The 2000 United Kingdom Budget, officially known as Budget 2000 - Prudent for a Purpose: Working for a Stronger and Fairer Britain was the formal government budget for the year 2000.
|Total revenue||£371 billion‡|
|Total expenditures||£371 billion‡|
|‡Numbers are projections.
The millennium year witnessed Britain's major trading partners, particularly the US and several European economies, enter economic difficulties as part of the early 2000s recession. The dot-com bubble burst, though fallout in the United Kingdom was limited. During the autumn, UK fuel protests occurred due to rising petrol prices.
Interest rates had showed greater stability in comparison to the previous year, rising from 5 per cent in June 1999 to 6 per cent in February 2000 where it remained for the rest of the year. Inflation abated further during 1999 which recorded 1.3 per cent (CPI) and 1.5 per cent (RPI).
The basic rate of income tax was to be reduced from 23 per cent to 22 per cent from April 2000. The married couple's allowance for under-65s and MIRAS mortgage interest relief was to be abolished from April 2000. Fuel duty was to be frozen in real terms. Excise duties on cigarettes were to increase by 5 per cent above inflation. Stamp duties were to be raised. Tax credits and income support were scheduled to be increased. Large increases in NHS spending were forecast. The climate change levy was to be reduced before its introduction in April 2001, with the concomitant cut in employer national insurance contributions instead limited to 0.3 per cent instead of 0.5 per cent.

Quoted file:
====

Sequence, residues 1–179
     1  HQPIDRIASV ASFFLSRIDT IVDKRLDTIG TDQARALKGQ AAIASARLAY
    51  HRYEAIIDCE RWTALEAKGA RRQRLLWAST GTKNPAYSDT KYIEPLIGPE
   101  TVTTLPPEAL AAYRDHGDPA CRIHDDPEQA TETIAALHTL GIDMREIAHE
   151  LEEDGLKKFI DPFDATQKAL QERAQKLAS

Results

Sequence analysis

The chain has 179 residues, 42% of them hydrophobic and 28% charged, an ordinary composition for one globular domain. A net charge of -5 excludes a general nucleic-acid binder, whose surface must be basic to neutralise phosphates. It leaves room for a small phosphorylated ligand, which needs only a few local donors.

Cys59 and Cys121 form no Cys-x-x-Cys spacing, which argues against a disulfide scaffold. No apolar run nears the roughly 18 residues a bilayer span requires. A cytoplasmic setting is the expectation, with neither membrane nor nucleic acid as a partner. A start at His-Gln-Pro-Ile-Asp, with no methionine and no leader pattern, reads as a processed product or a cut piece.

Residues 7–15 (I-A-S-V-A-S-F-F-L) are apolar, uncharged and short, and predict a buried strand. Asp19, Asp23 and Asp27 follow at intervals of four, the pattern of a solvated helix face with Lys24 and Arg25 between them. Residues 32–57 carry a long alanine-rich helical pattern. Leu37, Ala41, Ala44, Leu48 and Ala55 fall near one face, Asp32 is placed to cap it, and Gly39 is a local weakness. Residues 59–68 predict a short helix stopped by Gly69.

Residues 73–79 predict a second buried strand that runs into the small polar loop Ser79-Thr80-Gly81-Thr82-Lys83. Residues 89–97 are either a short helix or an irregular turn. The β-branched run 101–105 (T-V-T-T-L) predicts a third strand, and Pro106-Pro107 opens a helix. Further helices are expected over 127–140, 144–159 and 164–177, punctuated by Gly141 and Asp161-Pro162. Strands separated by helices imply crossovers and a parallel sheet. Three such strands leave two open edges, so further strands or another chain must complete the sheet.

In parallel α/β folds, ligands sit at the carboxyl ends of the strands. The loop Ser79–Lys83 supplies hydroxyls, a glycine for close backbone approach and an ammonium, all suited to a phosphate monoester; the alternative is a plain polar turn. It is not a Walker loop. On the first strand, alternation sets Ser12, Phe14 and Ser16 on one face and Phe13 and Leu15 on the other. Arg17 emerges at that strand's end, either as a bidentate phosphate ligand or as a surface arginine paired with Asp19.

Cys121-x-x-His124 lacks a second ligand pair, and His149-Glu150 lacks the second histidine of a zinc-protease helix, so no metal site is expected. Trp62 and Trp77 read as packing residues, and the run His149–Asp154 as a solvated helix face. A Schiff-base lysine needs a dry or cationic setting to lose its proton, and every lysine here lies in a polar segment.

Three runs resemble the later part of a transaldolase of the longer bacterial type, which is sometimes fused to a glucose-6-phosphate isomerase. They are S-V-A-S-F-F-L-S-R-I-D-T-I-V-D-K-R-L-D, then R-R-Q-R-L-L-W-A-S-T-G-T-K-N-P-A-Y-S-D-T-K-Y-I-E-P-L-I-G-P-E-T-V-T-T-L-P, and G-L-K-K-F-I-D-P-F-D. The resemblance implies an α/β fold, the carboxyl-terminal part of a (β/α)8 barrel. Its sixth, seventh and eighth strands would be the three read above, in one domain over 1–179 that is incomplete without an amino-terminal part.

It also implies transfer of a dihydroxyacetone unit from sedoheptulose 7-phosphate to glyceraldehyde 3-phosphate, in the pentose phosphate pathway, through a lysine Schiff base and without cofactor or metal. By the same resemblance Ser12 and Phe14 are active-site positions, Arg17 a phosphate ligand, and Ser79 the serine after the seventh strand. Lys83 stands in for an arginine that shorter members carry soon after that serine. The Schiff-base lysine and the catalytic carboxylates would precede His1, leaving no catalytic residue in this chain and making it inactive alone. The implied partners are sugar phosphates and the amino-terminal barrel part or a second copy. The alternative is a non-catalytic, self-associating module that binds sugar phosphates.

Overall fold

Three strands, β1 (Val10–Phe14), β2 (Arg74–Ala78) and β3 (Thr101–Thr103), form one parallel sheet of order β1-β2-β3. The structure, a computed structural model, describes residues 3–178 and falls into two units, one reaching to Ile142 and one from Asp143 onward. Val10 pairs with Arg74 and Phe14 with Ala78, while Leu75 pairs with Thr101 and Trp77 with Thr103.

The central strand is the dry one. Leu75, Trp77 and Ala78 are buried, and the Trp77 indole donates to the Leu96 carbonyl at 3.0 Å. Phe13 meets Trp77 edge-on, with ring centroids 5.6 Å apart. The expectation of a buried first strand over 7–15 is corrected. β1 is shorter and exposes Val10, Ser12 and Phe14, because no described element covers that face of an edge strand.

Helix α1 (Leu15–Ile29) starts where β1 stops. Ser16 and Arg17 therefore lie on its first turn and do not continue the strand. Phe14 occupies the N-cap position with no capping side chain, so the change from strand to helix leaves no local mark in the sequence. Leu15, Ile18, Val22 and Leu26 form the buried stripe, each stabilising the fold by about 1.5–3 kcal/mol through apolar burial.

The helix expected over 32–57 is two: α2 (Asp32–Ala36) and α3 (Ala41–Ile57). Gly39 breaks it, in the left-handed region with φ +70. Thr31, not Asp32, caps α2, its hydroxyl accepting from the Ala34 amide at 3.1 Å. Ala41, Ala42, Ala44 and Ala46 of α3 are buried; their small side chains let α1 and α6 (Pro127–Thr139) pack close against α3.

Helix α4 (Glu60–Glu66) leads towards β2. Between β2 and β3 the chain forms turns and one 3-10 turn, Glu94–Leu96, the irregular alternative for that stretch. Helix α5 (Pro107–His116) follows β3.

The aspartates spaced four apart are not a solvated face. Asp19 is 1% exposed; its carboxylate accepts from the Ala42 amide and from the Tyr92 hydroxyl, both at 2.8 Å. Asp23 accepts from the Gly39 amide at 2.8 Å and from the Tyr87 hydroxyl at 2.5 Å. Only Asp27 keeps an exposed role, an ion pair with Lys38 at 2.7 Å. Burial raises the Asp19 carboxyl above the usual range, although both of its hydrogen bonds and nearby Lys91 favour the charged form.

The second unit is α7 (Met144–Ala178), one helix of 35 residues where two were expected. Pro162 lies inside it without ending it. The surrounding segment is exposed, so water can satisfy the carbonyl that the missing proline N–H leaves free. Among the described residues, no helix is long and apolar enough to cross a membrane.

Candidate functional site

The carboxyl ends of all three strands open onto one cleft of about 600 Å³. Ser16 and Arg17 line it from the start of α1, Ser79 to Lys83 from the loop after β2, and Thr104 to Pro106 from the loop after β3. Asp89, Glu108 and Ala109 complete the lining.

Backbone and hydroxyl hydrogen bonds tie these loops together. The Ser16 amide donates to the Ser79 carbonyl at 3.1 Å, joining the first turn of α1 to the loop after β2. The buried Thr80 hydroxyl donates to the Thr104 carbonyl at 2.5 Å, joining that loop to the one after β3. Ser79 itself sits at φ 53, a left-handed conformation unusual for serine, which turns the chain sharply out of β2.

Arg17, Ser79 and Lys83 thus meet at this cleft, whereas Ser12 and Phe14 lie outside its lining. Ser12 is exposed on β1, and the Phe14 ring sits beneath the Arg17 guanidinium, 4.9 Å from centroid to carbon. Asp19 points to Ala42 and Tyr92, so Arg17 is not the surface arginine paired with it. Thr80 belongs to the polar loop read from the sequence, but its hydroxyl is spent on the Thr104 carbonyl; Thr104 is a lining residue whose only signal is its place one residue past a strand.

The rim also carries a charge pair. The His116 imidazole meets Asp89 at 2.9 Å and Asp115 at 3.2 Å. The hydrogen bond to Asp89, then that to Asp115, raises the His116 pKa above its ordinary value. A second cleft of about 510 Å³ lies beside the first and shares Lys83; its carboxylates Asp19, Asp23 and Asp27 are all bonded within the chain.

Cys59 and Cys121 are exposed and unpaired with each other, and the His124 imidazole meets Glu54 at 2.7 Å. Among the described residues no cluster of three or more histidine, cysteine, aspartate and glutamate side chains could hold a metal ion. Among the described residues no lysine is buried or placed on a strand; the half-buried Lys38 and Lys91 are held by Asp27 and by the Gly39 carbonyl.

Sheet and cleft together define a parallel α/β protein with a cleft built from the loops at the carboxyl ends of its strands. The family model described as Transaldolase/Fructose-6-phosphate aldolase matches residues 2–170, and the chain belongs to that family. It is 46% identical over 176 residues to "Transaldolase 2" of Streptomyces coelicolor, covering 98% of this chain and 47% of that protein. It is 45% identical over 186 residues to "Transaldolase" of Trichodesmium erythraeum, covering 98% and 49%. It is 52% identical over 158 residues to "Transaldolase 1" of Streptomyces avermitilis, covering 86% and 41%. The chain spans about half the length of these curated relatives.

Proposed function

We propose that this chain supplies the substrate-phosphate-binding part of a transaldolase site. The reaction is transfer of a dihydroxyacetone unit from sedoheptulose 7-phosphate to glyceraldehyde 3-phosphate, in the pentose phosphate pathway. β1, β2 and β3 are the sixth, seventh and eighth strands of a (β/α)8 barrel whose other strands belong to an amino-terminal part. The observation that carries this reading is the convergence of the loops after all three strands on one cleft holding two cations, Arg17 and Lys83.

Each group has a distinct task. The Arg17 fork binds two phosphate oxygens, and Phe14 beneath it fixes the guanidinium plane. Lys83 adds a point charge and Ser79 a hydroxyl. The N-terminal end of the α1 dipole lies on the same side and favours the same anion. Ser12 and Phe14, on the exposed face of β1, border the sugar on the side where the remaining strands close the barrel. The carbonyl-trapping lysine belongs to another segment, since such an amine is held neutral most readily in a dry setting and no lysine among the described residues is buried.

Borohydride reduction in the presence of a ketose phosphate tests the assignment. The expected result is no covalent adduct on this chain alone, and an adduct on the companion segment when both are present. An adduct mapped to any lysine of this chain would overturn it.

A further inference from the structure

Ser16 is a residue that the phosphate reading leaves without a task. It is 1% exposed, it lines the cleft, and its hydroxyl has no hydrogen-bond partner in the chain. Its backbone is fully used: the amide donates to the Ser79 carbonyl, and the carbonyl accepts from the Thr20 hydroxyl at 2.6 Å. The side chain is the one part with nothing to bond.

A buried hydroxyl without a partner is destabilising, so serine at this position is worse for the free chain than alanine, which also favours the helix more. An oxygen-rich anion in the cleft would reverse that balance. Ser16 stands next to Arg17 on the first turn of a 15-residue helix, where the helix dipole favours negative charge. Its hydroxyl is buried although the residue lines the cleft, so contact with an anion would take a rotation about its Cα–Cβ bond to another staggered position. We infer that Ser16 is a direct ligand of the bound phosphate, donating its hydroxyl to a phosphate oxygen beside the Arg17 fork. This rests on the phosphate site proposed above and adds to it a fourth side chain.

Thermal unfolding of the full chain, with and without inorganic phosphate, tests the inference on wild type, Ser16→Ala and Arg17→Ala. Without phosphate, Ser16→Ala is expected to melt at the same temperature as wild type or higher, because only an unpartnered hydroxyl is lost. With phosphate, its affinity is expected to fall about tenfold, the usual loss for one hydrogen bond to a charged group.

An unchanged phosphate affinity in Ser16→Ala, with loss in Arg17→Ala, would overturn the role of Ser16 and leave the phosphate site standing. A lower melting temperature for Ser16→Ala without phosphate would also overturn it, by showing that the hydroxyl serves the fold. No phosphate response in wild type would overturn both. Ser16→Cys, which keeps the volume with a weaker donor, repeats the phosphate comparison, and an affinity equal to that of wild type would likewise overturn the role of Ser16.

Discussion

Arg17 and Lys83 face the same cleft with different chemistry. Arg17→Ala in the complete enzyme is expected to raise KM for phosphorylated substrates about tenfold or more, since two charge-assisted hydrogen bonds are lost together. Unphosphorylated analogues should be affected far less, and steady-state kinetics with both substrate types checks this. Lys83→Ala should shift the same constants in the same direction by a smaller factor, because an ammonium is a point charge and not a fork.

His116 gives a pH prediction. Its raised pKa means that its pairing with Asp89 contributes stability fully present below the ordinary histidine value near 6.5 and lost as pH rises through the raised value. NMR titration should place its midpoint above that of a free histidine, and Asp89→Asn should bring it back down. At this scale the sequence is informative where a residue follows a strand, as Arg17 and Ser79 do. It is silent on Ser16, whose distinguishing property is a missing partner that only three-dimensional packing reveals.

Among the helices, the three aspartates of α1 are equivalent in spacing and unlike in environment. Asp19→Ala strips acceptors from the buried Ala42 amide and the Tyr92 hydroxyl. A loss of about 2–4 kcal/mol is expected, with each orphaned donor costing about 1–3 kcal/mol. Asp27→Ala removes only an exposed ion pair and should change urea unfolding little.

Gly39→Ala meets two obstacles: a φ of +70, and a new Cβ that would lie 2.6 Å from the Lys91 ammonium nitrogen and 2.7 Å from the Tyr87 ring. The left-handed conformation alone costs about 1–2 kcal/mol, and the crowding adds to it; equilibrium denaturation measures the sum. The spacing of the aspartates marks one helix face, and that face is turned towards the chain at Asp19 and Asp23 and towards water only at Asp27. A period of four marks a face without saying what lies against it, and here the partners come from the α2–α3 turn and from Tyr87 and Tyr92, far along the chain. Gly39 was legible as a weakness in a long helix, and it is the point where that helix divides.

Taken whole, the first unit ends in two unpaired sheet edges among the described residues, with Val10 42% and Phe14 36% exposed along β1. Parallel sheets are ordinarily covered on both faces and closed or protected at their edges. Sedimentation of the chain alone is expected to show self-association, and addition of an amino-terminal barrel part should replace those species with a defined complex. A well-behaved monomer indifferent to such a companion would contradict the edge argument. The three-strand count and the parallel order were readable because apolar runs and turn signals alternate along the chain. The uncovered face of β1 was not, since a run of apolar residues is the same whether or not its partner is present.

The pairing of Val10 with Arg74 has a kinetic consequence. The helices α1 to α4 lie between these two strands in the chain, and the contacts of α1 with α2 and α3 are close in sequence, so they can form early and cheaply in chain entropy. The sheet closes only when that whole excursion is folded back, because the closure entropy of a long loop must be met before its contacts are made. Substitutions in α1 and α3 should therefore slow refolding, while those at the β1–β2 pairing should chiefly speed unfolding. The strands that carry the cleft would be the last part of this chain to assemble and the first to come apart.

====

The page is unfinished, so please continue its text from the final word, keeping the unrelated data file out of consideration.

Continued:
|Receipts||2000-2001 Revenues (£bn)|
|Total Government revenue||371|
|Department||2000-2001 Expenditure (£bn)|
|Housing & Environment||14|
|Industry, Agriculture, Employment||15|
|Law & Order||20|
|Total Government spending||371|
- "Budget 2000" (PDF). HM Revenue and Customs. Retrieved 4 July 2019.
- "Net Debt (excluding public sector banks)". Office for National Statistics. Retrieved 4 July 2019.
- "Net Debt (excluding public sector banks) as % of GDP". Office for National Statistics. Retrieved 4 July 2019.
- "Official Bank Rate history". Bank of England. Retrieved 4 July 2019.
- "CPI annual rate". Office for National Statistics. Retrieved 4 July 2019.
- "RPI annual rate". Office for National Statistics. Retrieved 4 July 2019.
- "Gordon Brown: a decade of Budgets". BBC News. Retrieved 4 July 2019.